Nothing is the Same
Thought-provoking and moving, Nothing is the Same originated from the oral histories of Hawaii residents who were children living in Wahiawa, a rural Oahu village, when Japanese planes attacked Pearl Harbor. The plot of the play follows four children whose lives are forever changed when they are forced from the innocence of a churchyard game of marbles into the terrifying reality of bombers overhead, teargas and bigotry. They try to make sense of the world, and their place in it, in the midst of intense upheaval. Loyalty is questioned and friendships are tested, but in the end they learn what it means to belong—to a group of friends, a community and a country.
“Nothing is the Same deals with both the everyday travails of childhood and the larger social concerns during a time of crisis—who belongs to a country, who should be feared, what consequences, if any, should there be for an outsider,” said SCT Artistic Director Linda Hartzell. “This play allows us a glimpse of Hawaiian history, of racial structures in a place filled with diversity, that we can relate to the divisions and prejudices we face in our own community.”
Nothing is the Same premiered at HTY in October 2004 to acclaim and was remounted in September 2005. SCT will use the same four actors from HTY’s most recent production who will deliver the play in Hawaiian Pidgin, the language created by the many different immigrants who moved to Hawaii to work on the plantations. Mark Lutwak, who recently gave up the reins as HTY artistic director, will direct.
Of the world-premiere production, Derek Paiva of the Honolulu Advertiser wrote: “The result is a script brimming with moments of knowing humor, unexpected terror and deep sadness.”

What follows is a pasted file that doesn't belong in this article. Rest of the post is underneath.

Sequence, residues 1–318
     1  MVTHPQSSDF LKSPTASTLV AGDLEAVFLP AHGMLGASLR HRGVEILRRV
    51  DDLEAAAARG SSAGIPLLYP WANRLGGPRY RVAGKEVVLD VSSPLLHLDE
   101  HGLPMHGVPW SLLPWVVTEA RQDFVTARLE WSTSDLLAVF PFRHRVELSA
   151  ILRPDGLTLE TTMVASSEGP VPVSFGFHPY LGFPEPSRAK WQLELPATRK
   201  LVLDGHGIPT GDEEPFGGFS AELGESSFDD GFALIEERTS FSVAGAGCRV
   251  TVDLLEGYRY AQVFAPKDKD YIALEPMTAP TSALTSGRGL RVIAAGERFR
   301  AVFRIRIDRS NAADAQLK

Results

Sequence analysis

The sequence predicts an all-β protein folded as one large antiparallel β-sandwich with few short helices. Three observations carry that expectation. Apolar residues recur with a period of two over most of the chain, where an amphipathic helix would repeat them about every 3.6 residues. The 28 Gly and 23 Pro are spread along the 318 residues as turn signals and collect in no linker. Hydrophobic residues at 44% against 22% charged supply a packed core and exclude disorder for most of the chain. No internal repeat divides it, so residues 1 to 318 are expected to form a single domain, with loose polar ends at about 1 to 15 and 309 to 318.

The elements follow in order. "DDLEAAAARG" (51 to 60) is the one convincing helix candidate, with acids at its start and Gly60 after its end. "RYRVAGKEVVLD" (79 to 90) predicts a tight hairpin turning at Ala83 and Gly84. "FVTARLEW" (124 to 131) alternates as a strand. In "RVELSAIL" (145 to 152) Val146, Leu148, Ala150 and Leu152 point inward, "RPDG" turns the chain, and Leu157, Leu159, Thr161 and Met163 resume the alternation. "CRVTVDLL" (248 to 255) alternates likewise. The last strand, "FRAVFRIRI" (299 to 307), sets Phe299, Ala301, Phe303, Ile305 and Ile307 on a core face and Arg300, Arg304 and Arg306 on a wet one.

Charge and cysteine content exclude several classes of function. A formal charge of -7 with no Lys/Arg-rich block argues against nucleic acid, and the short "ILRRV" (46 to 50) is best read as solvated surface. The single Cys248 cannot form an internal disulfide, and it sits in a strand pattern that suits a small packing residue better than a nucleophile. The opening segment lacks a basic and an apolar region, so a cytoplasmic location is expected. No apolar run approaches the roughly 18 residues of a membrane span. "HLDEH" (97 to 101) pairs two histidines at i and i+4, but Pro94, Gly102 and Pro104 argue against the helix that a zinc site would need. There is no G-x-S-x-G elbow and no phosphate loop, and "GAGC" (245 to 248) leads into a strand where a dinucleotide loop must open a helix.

Of HTY’s second production, Joseph T. Rozmiarek of the Honolulu Advertiser found Nothing is the Same to be “a unique view of history and a story in which friendship triumphs over violence and bigotry. It is also a tight package that should travel successfully to Seattle audiences.”
Nothing is the Same was written as a culmination of HTY’s “December 7, 1941 Project,” a three-year oral history project that began in Oahu’s Wahiawa Elementary School, in which elders of the community were interviewed by the students who, in turn, created their own plays. Supported by funding from Theatre Communications Group and Pew Charitable Trusts, York helped the students develop interview skills, participated in the oral history collection and wrote her own fictional play based on the collected experiences.
“People hand you their lives, like pieces of china,” said York. “You should be careful with them, but you can’t be careful when you’re writing a play. It has to have danger. The path of the play is littered with broken china.”
Husband and wife team Lutwak and York have worked on many productions together at HTY, where York was playwright-in-residence and Lutwak artistic director. Four of York’s plays premiered at SCT, including Afternoon of the Elves, which opened SCT’s inaugural season in the Charlotte Martin Theatre in 1993; the Portrait the Wind the Chair in 1995; Frog and Toad in 1998; and Mask of the Unicorn Warrior in 2001. York has written many plays for children and adults, which have been produced nationwide.
Oahu, Hawaii, 1941, is a great place to be an 11-year-old kid. The town is filled with people who come from all over the world; the sailors at Pearl Harbor are usually good for a candy bar or toy; and you can always find someone to play with. Mits and George are best friends, and Bobi usually hangs out with them too—she’s okay, for a girl. The kids all love to hear Mits tell stories of his ancestors, the samurai, brave Japanese warriors of old. As the kids play, they pretend to channel the samurai strength and courage. This attention to Mits and the enticing tales of his heritage makes Daniel, the bully, jealous. Yet, their easy, carefree life goes on day to day, until December 7.